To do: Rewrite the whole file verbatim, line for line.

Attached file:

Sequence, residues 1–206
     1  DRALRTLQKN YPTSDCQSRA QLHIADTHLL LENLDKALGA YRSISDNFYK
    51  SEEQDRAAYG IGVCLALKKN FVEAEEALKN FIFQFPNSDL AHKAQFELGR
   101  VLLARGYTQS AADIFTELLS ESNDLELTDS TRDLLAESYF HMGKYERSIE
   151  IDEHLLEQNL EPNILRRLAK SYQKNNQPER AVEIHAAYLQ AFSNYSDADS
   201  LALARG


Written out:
Sequence, residues 1–206
     1  DRALRTLQKN YPTSDCQSRA QLHIADTHLL LENLDKALGA YRSISDNFYK
    51  SEEQDRAAYG IGVCLALKKN FVEAEEALKN FIFQFPNSDL AHKAQFELGR
   101  VLLARGYTQS AADIFTELLS ESNDLELTDS TRDLLAESYF HMGKYERSIE
   151  IDEHLLEQNL EPNILRRLAK SYQKNNQPER AVEIHAAYLQ AFSNYSDADS
   201  LALARG